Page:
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Old 04-14-2015, 05:32 PM   #16
joe_2000
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Quote:
Originally Posted by usao View Post
Because of legal ramifications, I will only be allowed to use strong encryption, nothing like zipping files with passwords will pass muster from upstairs.
Take a look at dmcrypt / luks. I will claim that it's the de-facto standard for encryption on Linux and offers just as much protection as gpg.
 
Old 04-14-2015, 05:32 PM   #17
metaschima
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Quote:
Originally Posted by usao View Post
Because of legal ramifications, I will only be allowed to use strong encryption, nothing like zipping files with passwords will pass muster from upstairs.
They are ok with GPG, im just trying to figure it out. The time isn't really a big factor, it's only about 20-30gb, and the time won't be a concern.
Im open to alternatives, as long as I can use something with serious encryption. We have to meet several ISO standards (which I don't really know anything about), but I was told GPG would be acceptable as long as it's a 4K key or 512ASE or something like that.
AFAIK, AES (not ASE) only supports a maximum of 256-bit key. ccrypt and 7zip use AES-256 by default. Cryptsetup and Veracrypt have it available. If it has to be gpg, try using the '--symmetric' option and choose AES256.
https://en.wikipedia.org/wiki/Advanc...ption_Standard
 
Old 04-14-2015, 05:49 PM   #18
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Quote:
Originally Posted by joe_2000 View Post
Take a look at dmcrypt / luks. I will claim that it's the de-facto standard for encryption on Linux and offers just as much protection as gpg.
Seems to be more about encrypting an entire FS. Im just looking for a way to encrypt a file by itself and keep the keys away from the file as much as possible.
 
Old 04-14-2015, 05:52 PM   #19
usao
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Quote:
Originally Posted by metaschima View Post
AFAIK, AES (not ASE) only supports a maximum of 256-bit key. ccrypt and 7zip use AES-256 by default. Cryptsetup and Veracrypt have it available. If it has to be gpg, try using the '--symmetric' option and choose AES256.
https://en.wikipedia.org/wiki/Advanc...ption_Standard
Sorry, the ASE was a typo. I was referring to AES, which is apparently available at 256 for a max.
So still confused, because when I ran the --gen-key command, it allowed me to pick RSA 4096, so I guess I don't know what the difference is between an RSA encryption and an AES encryption...

My biggest issue so far is how to be able to encrypt without having to actually send the file anywhere... At most, I would want to copy the file to external USB drive once encrypted.
 
Old 04-14-2015, 06:16 PM   #20
manu-tm
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To encrypt FILENAME with symetric key PASSPHRASE:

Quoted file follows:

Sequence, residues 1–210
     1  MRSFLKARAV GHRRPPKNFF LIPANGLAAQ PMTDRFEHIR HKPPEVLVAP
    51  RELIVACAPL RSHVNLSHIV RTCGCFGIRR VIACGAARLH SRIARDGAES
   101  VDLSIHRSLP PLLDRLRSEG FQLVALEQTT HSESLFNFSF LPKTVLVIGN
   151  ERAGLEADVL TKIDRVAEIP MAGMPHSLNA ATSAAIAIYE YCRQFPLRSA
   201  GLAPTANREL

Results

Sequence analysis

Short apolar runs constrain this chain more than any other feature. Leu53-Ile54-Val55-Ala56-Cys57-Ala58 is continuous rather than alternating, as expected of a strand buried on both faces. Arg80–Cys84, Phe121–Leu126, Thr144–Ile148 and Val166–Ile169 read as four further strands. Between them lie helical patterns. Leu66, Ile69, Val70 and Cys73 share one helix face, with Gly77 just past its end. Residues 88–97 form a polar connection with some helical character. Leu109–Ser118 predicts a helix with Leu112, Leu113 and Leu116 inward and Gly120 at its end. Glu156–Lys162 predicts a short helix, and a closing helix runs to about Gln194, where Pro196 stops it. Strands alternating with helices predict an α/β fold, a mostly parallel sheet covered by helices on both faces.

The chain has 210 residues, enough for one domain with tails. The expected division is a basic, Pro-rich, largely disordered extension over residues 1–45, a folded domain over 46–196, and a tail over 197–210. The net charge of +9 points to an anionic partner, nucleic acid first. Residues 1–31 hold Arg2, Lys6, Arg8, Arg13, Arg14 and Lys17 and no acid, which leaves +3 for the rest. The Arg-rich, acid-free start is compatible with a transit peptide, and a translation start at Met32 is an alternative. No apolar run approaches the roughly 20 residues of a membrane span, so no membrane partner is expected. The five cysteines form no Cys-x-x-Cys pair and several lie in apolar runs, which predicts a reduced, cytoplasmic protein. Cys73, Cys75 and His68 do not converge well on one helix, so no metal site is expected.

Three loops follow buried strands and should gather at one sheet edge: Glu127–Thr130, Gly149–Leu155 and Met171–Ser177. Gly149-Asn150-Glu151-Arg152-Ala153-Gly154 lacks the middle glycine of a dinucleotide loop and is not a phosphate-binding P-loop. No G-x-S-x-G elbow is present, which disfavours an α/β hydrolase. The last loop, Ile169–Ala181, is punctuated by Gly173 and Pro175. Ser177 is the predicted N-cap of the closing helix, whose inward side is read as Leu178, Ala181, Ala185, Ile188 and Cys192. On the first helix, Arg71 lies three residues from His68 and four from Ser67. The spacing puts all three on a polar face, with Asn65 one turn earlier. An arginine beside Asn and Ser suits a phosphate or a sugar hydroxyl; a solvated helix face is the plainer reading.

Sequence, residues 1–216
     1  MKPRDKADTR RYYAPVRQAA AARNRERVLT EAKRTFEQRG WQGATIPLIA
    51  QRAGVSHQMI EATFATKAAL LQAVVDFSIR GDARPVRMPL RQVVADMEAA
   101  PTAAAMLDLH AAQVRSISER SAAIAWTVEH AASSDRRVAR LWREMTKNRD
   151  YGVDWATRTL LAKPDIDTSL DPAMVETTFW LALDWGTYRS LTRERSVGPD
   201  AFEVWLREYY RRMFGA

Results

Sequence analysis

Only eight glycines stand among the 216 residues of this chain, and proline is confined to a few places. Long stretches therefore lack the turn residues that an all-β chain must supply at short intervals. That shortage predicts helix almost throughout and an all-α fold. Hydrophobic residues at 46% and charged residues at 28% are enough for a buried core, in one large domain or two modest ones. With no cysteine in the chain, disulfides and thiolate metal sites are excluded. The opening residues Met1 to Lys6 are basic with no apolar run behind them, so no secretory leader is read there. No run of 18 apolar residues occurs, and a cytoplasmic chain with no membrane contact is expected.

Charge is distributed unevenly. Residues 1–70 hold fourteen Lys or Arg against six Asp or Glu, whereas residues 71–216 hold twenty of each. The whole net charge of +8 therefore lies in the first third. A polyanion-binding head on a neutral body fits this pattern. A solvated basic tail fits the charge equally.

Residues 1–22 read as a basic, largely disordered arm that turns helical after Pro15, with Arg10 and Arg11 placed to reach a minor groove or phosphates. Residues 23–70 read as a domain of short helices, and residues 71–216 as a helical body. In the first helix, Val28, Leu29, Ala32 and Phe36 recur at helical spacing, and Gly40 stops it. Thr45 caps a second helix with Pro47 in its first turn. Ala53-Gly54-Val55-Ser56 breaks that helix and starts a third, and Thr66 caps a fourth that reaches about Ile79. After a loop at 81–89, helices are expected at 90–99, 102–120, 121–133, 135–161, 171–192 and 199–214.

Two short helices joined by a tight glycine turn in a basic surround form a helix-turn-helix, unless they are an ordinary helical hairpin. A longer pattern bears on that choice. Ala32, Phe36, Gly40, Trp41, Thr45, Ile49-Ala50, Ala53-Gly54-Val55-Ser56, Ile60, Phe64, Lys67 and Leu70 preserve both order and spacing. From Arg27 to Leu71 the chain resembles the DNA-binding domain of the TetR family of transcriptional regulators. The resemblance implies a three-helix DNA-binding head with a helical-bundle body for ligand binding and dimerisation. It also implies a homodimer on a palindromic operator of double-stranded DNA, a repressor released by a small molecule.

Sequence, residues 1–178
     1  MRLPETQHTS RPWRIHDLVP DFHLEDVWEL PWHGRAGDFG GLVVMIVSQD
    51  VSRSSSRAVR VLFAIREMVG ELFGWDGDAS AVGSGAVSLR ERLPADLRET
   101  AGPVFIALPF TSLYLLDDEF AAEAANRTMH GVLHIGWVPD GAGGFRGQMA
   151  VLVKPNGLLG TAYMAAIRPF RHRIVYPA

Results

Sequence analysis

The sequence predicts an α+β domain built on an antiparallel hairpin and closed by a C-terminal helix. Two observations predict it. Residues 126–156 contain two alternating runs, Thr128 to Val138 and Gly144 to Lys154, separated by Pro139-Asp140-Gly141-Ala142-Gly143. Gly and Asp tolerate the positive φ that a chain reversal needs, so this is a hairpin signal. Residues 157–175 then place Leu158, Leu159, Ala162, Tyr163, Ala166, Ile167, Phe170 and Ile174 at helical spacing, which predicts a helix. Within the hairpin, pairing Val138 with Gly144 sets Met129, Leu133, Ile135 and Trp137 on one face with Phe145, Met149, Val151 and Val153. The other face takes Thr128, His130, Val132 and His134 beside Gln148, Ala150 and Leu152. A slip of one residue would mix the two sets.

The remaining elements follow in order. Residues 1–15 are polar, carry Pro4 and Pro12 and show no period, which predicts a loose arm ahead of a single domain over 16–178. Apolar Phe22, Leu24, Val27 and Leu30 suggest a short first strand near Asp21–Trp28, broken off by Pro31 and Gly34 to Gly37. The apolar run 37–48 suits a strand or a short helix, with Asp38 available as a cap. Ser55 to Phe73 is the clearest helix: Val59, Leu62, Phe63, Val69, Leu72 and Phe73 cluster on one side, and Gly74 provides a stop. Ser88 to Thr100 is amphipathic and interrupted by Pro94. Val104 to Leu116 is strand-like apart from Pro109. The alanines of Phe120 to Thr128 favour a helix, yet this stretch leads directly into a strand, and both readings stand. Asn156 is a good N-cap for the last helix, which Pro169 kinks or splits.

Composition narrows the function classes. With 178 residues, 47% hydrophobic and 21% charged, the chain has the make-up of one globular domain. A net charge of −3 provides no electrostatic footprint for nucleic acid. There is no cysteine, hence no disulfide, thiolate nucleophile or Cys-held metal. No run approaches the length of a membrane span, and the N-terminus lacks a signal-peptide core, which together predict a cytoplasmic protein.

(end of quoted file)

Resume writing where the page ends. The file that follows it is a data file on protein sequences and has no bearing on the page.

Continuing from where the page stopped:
Code:
gpg -c --cipher-algo AES256 --no-use-agent --passphrase PASSPHRASE FILENAME
Then to decrypt:
Code:
gpg -d --no-use-agent --passphrase PASSPHRASE -o FILENAME FILENAME.gpg
 
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Old 04-15-2015, 07:45 AM   #21
joe_2000
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Quote:
Originally Posted by usao View Post
Seems to be more about encrypting an entire FS. Im just looking for a way to encrypt a file by itself and keep the keys away from the file as much as possible.
No you can also use it to set up a crypto container as said before...
 
Old 04-15-2015, 09:48 AM   #22
sundialsvcs
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If you are dealing with "[legal] requirements from upstairs," then I suggest that you research what are the best-practices and/or the legal strictures which apply to your application. I suggest also that you prepare a design-document and a testing-plan and that you send this "upstairs" for explicit approval before you begin.

Basically, the attorneys are going to have to review it, and they're going to look at "the entire shinola," not just the choice of cipher-algorithm.

I have encountered several web-sites built by "competent little companies" which had elaborate home-grown encryption strategies built into their site. But, those strategies didn't meet the requirements of US laws such as (e.g.) Sarbanes-Oxeley and/or HIPAA. As a result, the sites were scrapped, and the little-companies who had built them lost their only star client. (But: the "star client" didn't have any choice.)

Well-accepted encryption frameworks, such as GPG, OpenSSL, ipsec (VPN), and so-on, will always be preferred over "home-grown" implementations of a particular cipher. Security, especially crypto security, is a process that must protect the weakest link in the entire, complex chain.

Last edited by sundialsvcs; 04-15-2015 at 09:53 AM.
 
Old 04-15-2015, 09:50 AM   #23
ntubski
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Quote: